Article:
I think Budapest sort of got the short end of the stick. Energy-wise I was at the bottom of the barrel after traveling for three weekends in a row, and Budapest was round 4. Now I know what you are thinking, ‘waa-waa Maarja, traveling around Europe is sooooooooo hard,’ BUT it kind of is. Don’t get me wrong, I have no way begun to take my time abroad for granted, believe me, I regularly sit myself down to take in moments on the earthly level. It just truly is exhausting to live out of a suitcase and travel around on a not-so-air-conditioned coach bus. I promise I am not whining.
Despite my exhaustion level, I rallied to fully enjoy Hungary and to use every possible opportunity to insert a Hungary/hungry pun – they are almost as enjoyable as Czech/check puns. But they get old just as fast.
Budapest was yet another kindly organized weekend trip by my academic program. So although we had plenty of free time, it was also an educational weekend, with city tours and lectures on communism, per usual. The thing that made Budapest more enjoyable in a sense than some of my other trips however, was that, and I don’t mean to brag, but I sort of know my stuff when it comes to Budapest and communism. My politics class’ focus the week prior to our trip was on the end of WWII and the following communist takeover in Hungary. And then on top of that, I had had a book report and presentation due the week before on “Under the Frog” by Tibor Fischer which is set in Budapest from 1944- 1956 (and I highly recommend this book. It’s about a naked traveling basketball team during the German occupation and Soviet takeover and I found myself laughing out loud throughout the book. You may think communism and humor don’t exactly go hand in hand, but apparently it does.) I felt so knowledgeable as we walked around Budapest and I could say, “Hey! They talked about that street in my book during the Uprising!” or “Prof. Tuma said something about that monument on Tuesday!” So I didn’t know exactly why the things I was seeing or remembering were important, but even just having heard the name before, I felt on top of my Hungarian history game. I may or may not be entirely delusional.
With architecture and a city lay-out much like Prague (the city is split between a meandering river much like the Vltava splits Prague- twinsies!), I sort of felt at home. Hungarian, however proved to have absolutely nothing in common with Czech, or any other Slavic language for that matter. It actually sounds more like a Scandinavian language- which contrary to popular belief does NOT make the language easier to understand because I am of Scandinavian heritage. Who would think that? Definitely not me…
So I struggled a little bit with the language, but if I have learned anything these past few months, it is: When in doubt, simply shut up and smile. It’s a great rule of thumb. People seem to be more understanding of your misunderstanding when you do it with an apologetic smile.
And I think it is safe to say that spring has officially arrived in Central Europe (unlike in Wisconsin….hehe, suckers!). The weather was beautiful and we spent much of our time outside, either on city tours or simply just adventuring.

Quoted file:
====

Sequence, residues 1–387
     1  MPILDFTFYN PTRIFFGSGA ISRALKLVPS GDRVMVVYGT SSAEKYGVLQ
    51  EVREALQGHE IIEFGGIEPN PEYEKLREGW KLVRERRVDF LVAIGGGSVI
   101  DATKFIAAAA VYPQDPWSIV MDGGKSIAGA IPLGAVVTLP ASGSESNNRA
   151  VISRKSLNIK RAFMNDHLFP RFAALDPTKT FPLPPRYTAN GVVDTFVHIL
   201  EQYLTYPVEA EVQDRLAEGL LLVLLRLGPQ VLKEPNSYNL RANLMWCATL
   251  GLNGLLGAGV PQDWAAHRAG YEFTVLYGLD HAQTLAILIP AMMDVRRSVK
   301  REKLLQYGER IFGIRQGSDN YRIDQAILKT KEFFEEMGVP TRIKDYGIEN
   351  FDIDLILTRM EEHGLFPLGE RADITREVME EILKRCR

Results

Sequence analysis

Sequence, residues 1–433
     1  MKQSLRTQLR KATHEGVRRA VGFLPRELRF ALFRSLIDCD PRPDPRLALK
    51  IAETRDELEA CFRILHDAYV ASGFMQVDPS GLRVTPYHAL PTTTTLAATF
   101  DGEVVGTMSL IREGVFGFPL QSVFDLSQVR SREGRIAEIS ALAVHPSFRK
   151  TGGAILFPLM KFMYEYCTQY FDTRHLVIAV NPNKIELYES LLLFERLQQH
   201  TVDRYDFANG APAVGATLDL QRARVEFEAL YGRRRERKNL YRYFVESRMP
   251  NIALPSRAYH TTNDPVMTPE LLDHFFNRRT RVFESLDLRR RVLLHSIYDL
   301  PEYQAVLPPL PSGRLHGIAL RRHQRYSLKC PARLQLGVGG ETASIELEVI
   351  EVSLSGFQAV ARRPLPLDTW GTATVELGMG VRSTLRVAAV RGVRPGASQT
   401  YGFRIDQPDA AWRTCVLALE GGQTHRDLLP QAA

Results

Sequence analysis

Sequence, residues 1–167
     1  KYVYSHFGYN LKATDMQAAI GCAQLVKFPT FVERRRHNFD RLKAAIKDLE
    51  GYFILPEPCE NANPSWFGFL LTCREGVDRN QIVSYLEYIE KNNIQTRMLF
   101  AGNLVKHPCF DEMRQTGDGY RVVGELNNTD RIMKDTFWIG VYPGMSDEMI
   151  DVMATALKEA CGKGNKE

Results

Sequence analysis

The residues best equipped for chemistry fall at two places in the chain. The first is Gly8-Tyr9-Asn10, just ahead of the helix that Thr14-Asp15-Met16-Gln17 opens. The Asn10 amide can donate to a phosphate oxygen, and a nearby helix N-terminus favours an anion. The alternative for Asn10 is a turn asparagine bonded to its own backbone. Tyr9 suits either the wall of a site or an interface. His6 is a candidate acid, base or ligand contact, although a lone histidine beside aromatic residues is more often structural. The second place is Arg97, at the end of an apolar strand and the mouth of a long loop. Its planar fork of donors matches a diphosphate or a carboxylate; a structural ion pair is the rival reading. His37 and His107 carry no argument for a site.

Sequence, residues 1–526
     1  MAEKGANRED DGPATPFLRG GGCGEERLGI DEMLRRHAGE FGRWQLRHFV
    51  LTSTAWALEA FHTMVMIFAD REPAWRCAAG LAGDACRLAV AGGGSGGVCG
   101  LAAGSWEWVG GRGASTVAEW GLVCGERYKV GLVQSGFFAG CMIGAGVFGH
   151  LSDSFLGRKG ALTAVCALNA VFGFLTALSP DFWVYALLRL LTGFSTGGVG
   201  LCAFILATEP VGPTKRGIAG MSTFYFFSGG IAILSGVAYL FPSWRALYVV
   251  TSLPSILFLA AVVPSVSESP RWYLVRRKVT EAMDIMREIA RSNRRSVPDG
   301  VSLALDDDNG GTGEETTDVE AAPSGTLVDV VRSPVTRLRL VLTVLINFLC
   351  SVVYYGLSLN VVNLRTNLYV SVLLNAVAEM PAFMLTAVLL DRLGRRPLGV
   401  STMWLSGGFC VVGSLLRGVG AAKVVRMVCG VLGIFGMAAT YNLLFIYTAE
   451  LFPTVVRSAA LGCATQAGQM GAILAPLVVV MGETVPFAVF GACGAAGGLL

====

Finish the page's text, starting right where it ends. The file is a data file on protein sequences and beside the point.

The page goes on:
But my big highlight of the trip? My cultural experience of the Turkish baths. A popular past time in Hungary, we spent an afternoon at ‘the baths’ and boy, was it an experience. I have never seen so many speedos in my life. And not necessarily on people that should be wearing them – kudos to the Europeans and their self-confidence! More power to them, I say. And a maybe just a wee bit more clothing.
The baths were essentially a big ol’ water park for adults. Outside, there were three big baths, one warm lap pool, one warmer whirlpool, and then the ‘hot’ pool. The whirlpool was actually a big pool that had a circular enclosure where bathers could run around to start a legitimate and high current whirlpool. At the center of the whirlpool was an actual Jacuzzi. So in order to get to the relaxing jets of the Jacuzzi, one had to cross the fast-moving, jam packed, and terrifying whirlpool. My friends made a run for it, I got scared, my friends made it to the Jacuzzi, and I was stuck on the other side looking longingly to the center. A kind older man saw my predicament and kindly shoved me through the current and into the hands of my waiting friends. What a kind soul.
Inside, there were pools upon pools of different temperatures, as well as saunas and steam rooms hot enough to melt your face off- I stayed out of those. I don’t think I have ever felt so lethargic, or relaxed, in my life. The heat took the energy right out of me. It was detoxifying; I guess that’s what happens when you sweat out of every single pore of your body. And minus the germs that typically come along with barefoot and half-naked people, I felt surprisingly clean and refreshed.
Now that I have happily crossed Budapest off my list, I am done traveling until I fly home to Wisconsin on May 12th– which let me remind you, is a mere three weeks away! I’m working on my Prague bucket list before I go and I still have so much to see and do. But what’s on the docket for today? Rollerblading and picnicking in the park, of course!